Updates of “Never Knowing’

6 12 2010

Final oil painting in an unfinished state.

A unique style of work, accommodates for a close up view as-well as enjoying taking a step back.Could be described as a volcano sky or prophase a black heaven.Yet the true meaning will stay with the artist, as word can not always describe the dedication behind ones lost.



Painting – Untitled

3 10 2010

Painting 2008 (a gift)

3 10 2010

This was painted specifically for a friend. It is very ‘Tim Burtonesque’.

Battersea Power Station

2 10 2010

Battersea Power Station through the trees from the other side of the Thames.

Works for Sale

26 09 2010

Watercolour, £35

Payment accepted via PayPal (with approx £2 transfer charge)

With this painting, I was trying to represent deterioration and was particularly inspired by the way photographs fade and deteriorate. This helped me when creating the preliminary watercolour for my “Left behind” project (see right).

Eden Project, Cornwall

4 08 2010






A ‘Synecdochical’ representation of the Eden Project in Cornwall.

“Left Behind”

4 08 2010


Damaged and deteriorated photograph. The genesis for my painting project, “Left Behind”.


 One of the paintings that formed the quartet of “Left Behind”, inspired directly by the above photograph.The full “Left Behind” series exhibited.




It all began here…








The above photos were taken upon finding out that my Father’s neighbour had died. His possessions were strewn around the courtyard of the housing estate, whereupon they remained for a number of days. During this time no-one came to collect any of them. There were seemingly no relatives or loved ones who had survived the deceased and so these items became the relics of a forgotten man.

Sadly, over time these possessions were damaged and destroyed by the sun and rain. It struck me that, as the only remaining manifestations of a human life, the deterioration of these items was analogous to the fading of memory. As these things disintegrated, so to would any semblance of this man’s existance.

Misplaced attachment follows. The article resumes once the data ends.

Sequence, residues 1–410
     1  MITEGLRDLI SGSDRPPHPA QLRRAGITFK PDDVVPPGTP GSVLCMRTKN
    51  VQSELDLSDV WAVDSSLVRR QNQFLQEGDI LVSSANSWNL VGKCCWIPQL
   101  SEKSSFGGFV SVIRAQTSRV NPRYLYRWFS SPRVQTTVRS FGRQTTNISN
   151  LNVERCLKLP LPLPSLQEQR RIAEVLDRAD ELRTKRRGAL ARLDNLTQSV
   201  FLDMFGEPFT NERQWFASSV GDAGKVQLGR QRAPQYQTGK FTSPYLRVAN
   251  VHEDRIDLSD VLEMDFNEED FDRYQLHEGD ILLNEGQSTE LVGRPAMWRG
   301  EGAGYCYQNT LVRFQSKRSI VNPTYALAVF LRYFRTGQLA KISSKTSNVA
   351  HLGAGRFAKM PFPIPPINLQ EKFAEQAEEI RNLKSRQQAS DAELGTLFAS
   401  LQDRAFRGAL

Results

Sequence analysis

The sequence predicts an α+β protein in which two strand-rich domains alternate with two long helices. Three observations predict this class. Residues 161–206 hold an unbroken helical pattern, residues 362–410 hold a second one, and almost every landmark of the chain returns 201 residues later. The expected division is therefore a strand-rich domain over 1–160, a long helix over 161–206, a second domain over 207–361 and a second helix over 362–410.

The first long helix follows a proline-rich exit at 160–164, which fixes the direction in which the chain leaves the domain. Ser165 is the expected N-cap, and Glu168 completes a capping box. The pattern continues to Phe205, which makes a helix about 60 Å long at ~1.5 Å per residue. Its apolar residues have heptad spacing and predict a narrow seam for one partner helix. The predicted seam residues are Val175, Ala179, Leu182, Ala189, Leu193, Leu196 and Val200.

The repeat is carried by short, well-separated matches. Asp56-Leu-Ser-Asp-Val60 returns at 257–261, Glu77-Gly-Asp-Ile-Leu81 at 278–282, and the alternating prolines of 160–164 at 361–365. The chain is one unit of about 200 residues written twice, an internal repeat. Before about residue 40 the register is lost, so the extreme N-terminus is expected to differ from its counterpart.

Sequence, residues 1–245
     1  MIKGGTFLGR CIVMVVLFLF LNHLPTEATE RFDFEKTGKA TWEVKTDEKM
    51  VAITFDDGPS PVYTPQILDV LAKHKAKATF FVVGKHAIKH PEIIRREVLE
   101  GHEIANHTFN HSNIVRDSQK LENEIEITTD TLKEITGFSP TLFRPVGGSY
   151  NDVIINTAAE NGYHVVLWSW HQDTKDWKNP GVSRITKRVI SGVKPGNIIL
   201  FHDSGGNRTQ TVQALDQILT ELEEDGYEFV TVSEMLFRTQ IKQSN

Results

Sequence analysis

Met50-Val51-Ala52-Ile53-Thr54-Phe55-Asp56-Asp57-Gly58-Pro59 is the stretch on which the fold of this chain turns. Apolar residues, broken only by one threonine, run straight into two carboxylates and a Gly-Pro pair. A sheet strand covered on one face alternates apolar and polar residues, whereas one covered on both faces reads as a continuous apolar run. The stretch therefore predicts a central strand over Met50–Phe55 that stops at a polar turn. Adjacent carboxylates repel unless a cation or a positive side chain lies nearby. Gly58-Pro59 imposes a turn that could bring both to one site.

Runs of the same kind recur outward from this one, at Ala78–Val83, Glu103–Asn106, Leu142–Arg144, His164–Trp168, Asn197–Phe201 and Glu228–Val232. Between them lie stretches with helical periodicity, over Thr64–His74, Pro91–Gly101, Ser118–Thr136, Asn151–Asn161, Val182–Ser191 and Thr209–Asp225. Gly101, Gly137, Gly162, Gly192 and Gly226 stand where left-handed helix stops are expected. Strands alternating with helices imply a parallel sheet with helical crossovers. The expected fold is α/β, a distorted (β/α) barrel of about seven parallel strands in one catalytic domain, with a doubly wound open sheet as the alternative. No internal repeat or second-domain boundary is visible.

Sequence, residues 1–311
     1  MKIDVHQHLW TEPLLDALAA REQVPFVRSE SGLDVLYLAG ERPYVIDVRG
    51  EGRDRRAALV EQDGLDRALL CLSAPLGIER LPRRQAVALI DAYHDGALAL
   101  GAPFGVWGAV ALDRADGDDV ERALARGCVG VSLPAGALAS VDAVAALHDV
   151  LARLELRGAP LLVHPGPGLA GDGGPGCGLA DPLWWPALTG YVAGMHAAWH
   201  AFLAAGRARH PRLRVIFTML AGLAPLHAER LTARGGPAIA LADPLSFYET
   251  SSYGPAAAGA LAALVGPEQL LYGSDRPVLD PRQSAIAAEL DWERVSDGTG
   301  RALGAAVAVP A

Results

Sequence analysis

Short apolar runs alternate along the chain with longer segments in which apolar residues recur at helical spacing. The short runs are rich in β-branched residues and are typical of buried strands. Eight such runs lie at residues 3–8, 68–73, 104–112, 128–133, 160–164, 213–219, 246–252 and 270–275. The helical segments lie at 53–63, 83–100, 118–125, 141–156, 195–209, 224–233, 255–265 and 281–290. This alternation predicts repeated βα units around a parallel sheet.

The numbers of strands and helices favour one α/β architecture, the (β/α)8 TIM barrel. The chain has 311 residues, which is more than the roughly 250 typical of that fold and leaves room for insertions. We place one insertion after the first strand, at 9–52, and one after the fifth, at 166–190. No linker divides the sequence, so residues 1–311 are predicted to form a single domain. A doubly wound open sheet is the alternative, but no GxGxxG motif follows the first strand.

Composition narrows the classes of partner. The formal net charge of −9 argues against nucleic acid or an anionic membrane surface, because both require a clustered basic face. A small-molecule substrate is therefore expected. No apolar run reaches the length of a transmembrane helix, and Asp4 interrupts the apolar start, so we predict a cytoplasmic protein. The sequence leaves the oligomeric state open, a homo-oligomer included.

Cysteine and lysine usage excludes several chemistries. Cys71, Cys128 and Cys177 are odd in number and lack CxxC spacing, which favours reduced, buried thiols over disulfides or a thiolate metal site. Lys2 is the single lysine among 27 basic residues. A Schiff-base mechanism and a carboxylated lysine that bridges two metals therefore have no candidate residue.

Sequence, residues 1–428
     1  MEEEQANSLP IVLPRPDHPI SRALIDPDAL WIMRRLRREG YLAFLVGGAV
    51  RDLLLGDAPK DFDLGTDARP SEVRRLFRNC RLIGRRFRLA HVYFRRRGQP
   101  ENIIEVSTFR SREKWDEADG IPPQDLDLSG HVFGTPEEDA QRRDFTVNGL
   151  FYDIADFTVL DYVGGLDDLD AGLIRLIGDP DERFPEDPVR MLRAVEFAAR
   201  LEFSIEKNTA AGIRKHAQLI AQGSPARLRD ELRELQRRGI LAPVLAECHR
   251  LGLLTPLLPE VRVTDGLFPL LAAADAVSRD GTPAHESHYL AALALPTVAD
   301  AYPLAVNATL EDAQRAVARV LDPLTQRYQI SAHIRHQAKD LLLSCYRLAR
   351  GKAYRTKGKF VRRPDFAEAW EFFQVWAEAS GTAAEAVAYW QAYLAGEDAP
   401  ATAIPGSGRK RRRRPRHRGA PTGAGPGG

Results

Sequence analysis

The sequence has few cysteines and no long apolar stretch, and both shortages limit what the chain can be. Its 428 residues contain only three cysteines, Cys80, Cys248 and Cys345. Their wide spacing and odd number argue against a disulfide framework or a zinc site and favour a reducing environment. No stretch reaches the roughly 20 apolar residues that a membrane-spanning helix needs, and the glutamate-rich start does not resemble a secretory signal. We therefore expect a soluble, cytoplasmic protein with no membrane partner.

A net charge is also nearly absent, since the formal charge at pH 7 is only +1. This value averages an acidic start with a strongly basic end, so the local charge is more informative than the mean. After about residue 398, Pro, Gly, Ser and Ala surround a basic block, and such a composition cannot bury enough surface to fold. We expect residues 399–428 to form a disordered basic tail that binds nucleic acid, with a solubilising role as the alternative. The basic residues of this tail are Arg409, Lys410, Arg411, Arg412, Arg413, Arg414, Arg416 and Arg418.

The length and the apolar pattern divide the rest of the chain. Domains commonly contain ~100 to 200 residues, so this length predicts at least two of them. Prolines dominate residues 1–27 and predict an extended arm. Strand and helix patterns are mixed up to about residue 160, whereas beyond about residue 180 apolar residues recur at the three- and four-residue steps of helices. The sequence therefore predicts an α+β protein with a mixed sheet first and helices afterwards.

Initially then, my project “Left Behind”, focused on deterioration in the literal sense as I scanned and photographed images of mould and decay. A lot of this was found in the pages of a photo album, which were stained and discoloured, sometimes beautifully so. It also seemed particularly apt to focus on this specific item as a photo album serves to capture and preserve memories and the lives of those within. The photos themselves were far too damaged by rain to be preserved, but underneath these, the colour had bled into the paper, leaving behind abstract, almost spectral patterns: the ghosts of memory.






My next step was to focus on the sky. This was not initially a conscious decision in terms of this project – I’ve always been passionate about capturing the sky at its most beautiful, beguiling and awe-inspiring – but when it came to developing my concepts, the ethereal beauty of the sky and the profound but enigmatic emotions it conjures seemed fitting to the subject of life, death and memory.

Of course, the sky has spiritual connotations, as with ‘looking up at the heavens’, but this was not specifically what governed my concepts. It served, more than anything, to direct the subject matter towards a more positive and reflective conclusion; the idea that although this man led what may be considered a lonely existence, he existed as part of a greater whole. We are all connected on a fundamental level by the unifying nature of the Universe.

More specifically, the idea of memory becomes distorted by the Universe as time is stretched across infinite matter. When we look into the sky and at the stars, we are peering into the past, as the light from distant objects takes so long to reach us. This is particularly apt as this is what the project focuses on, the past and its resonance in the present and future. On a philosophical level, this project could also be about Eternalism, the idea that time is just another dimension, there is no objective flow of time, and the past, present and future all exist simultaneously.

At this point, the merging of imagery became important in the representation of past, present and future. The images of decay and deterioration, representing the past and, in physical terms, the present were merged with photos of the sky, which represented for me, ideas of eternity and an indeterminate future.  By allowing these images to converge, I have attempted to ‘do away’ with the idea of a human life as a past event.